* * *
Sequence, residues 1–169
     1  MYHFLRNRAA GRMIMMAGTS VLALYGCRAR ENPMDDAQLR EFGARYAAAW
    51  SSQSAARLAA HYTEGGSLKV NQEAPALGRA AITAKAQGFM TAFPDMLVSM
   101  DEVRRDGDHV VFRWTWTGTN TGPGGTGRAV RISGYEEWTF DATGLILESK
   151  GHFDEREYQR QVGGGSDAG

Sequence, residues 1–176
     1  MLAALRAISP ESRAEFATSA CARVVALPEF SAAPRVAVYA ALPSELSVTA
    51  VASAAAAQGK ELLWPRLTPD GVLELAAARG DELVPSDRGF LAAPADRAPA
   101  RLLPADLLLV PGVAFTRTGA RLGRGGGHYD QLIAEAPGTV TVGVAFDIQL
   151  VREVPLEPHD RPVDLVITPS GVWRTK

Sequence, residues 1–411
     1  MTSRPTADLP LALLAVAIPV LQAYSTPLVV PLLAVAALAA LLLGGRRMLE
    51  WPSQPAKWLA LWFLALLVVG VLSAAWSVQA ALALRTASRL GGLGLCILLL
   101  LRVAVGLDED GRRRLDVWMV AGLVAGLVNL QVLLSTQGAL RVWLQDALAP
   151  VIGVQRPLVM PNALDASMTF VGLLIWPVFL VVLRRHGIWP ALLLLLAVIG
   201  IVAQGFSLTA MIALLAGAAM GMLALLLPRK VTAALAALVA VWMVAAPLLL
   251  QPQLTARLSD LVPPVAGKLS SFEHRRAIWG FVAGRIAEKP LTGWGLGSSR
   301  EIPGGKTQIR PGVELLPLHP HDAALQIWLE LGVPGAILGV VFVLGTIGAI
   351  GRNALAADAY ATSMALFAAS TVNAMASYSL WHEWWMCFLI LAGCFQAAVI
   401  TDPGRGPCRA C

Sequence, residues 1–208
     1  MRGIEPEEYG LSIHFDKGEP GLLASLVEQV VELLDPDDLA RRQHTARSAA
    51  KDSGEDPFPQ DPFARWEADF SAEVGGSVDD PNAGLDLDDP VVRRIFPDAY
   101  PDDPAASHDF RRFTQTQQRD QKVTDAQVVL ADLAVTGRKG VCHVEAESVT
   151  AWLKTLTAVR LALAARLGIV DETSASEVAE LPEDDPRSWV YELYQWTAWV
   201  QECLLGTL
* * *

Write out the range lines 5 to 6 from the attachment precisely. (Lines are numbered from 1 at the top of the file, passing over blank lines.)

   151  GHFDEREYQR QVGGGSDAG

Sequence, residues 1–176